The Vice President, Dr. Mahamudu Bawumia, has cut the sod for work to begin on the construction of the first inland marine port in the northern part of Ghana and an accompanying industrial park at Debre in the Savannah Region.
The multimodal transport corridor, known as the Trans-Volta Logistics Corridor, is being undertaken by LMI Holdings, and involves the development of a system to transport containers and bulk cargo from the Port of Tema to Burkina Faso and other landlocked countries via the Volta Lake. An additional port, to be constructed at the termination point of the Tema-Mpakadan railway line, will facilitate the embarkation and disembarkation of cargo from Tema and Debre.
The Debre Inland Port is expected to contribute to the infrastructural development of Ghana with a positive domino effect on transportation, jobs creation, rural development, revenue generation, and many other benefits. The entire project is expected to be fully operational by 2025.
Speaking at the sod-cutting ceremony last Friday, Vice President Bawumia underscored the importance of the project, especially for the movement of goods, cross-border trade, and preservation of Ghana’s roads.
“Easing the congestion of clearing goods from Tema will be one of the main objectives for this port and industrial park. Using the Volta Lake, vessels will transport goods and containers in transit to and from the Tema Port. These containers will be moved by rail to Akwamu-Korankye (Eastern region) and then loaded onto barges to the Debre Inland Port. In Debre, operating at its fullest capacity like Tema with all the attendant facilities, containers will be offloaded and put on trucks to continue their journey further into the sub-region. All services such as customs, transits clearances will be provided as pertains to any international port.
Saving Ghana’s Roads
“This US$200million inland marine port and the US$250million industrial park will address a myriad of issues that continue to plague the movement of goods in Ghana and to our neighbours in the sub-region. Most of the over 30,000 trucks, annually moving goods to landlocked countries of the northern boundary of Ghana, will be taken off the roads. The total monetised benefit for the intervention encompasses a reduction in generalised cost, comprising vehicle operating cost, travel time, carbon emission, reduction in transportation cost and reduction in post-harvest losses,” he stated.
The greater part of the inland transport in Ghana happens via lorries, with the road transport system taking up 96 percent of freight and 97 percent of passenger traffic. This heavy reliance on roads for the transport of goods from the Tema Port to Ghana’s landlocked neighbours has had a punishing effect on our roads, leading to shorter lifespans and concerns with safety.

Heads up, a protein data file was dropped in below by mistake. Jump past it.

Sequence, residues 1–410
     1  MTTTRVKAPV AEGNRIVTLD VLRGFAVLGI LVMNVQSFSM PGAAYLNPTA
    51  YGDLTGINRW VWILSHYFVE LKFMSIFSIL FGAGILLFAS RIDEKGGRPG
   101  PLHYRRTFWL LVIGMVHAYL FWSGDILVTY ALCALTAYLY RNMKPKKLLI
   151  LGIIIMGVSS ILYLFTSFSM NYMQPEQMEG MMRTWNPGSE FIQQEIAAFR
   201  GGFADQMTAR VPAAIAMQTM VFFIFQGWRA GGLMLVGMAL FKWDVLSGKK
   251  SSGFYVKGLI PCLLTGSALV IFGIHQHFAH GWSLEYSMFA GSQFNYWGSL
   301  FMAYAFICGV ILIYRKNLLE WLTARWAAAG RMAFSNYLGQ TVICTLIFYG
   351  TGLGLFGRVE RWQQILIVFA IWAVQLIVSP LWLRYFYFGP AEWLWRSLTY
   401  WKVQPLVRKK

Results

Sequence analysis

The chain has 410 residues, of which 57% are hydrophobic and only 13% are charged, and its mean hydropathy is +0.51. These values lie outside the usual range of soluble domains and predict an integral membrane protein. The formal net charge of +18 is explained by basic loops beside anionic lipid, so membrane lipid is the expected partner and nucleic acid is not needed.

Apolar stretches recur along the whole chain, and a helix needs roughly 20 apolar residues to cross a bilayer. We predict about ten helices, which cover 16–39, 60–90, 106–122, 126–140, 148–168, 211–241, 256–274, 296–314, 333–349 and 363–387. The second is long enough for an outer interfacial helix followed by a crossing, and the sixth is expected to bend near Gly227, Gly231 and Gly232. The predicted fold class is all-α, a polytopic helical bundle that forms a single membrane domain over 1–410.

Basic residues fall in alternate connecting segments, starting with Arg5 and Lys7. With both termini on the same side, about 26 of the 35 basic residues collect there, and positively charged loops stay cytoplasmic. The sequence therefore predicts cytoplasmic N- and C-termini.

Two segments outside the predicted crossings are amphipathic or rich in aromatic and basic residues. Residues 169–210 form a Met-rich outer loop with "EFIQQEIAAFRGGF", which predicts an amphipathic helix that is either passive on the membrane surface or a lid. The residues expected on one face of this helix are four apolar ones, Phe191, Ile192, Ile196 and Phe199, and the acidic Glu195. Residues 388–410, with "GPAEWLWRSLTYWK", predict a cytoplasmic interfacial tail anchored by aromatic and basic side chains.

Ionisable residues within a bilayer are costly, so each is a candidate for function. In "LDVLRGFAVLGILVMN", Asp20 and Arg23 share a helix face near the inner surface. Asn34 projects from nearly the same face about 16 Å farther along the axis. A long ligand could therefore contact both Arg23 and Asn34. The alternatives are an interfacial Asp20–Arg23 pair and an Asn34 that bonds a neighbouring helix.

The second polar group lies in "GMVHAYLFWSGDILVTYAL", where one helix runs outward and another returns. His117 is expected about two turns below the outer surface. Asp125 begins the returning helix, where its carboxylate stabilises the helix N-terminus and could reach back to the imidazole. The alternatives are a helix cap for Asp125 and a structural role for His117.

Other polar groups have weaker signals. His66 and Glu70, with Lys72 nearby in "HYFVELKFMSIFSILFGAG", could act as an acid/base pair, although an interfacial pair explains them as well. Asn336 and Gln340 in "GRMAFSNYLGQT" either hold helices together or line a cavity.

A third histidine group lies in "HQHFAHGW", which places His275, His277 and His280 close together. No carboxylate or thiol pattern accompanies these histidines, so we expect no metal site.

“The investment in inland ports offer superior logistics, the opportunity of large warehouses, proximity to rail and highways, ample truck parking, less traffic congestion, and economic incentives. It is estimated that each barge trip from the inland port will take over 300 trucks off our roads. This monumental intervention will reap major savings on road maintenance. It will reduce the incidences of fatal road accidents that we, unfortunately, too often read and hear about in the media.”
Dr. Bawumia emphasised that industrial parks, such as the one at Debre, signal business readiness in any given context, serving production and manufacturing needs for mutually beneficial businesses and industries.
“The availability of subsidised service and infrastructure such as roads, electricity, energy, water supply, and telecommunication services is a competitive standpoint, attracting international and foreign investors. For a growing economy like ours, industrial parks are a requirement for our industrialisation. The Dawa Park by LMI and the Tema Free Zones Enclave are a testament to this.
“As witnessed with the Tema Port and the attendant booming of factories and other economic activities, the opportunity for Debre’s holistic economic growth is about to take off. Debre’s geographic positioning makes it significant for the inland port and the industrial park to be sited. The deep depth of the Volta Lake year-round offers all-seasons availability for barges for transportation to and from Debre. With the creation of auxiliary roads linking Debre to other towns, it will become a hub that will attract other stakeholders in the ecosystem to set up other complementary facilities and businesses.”
Reiterating government’s continued resolve to create an enabling environment and support for private sector investment, Dr. Bawumia called on other organisations to emulate LMI Holdings.
“Let me congratulate LMI Holdings for this impressive feat. As a company, LMI comes to this project with a plethora of experience in infrastructure development. With over US$450million in assets, this Ghanaian conglomerate has interests in construction, industrial utilities, property, and logistics. In the last 20 years, since LMI Holdings developed the Special Economic Zones, over US$3.4billion of foreign direct investment has been contributed to Ghana’s economy.”
Present at the ceremony were the Minister for Transport, Kwaku Ofori Asiamah; Minister for Lands and Natural Resources, Samuel Abu Jinapor; Director-General of the Ghana Ports and Harbours Authority, Michael Luguje; and representatives of the Governments of Burkina Faso, Mali and Niger.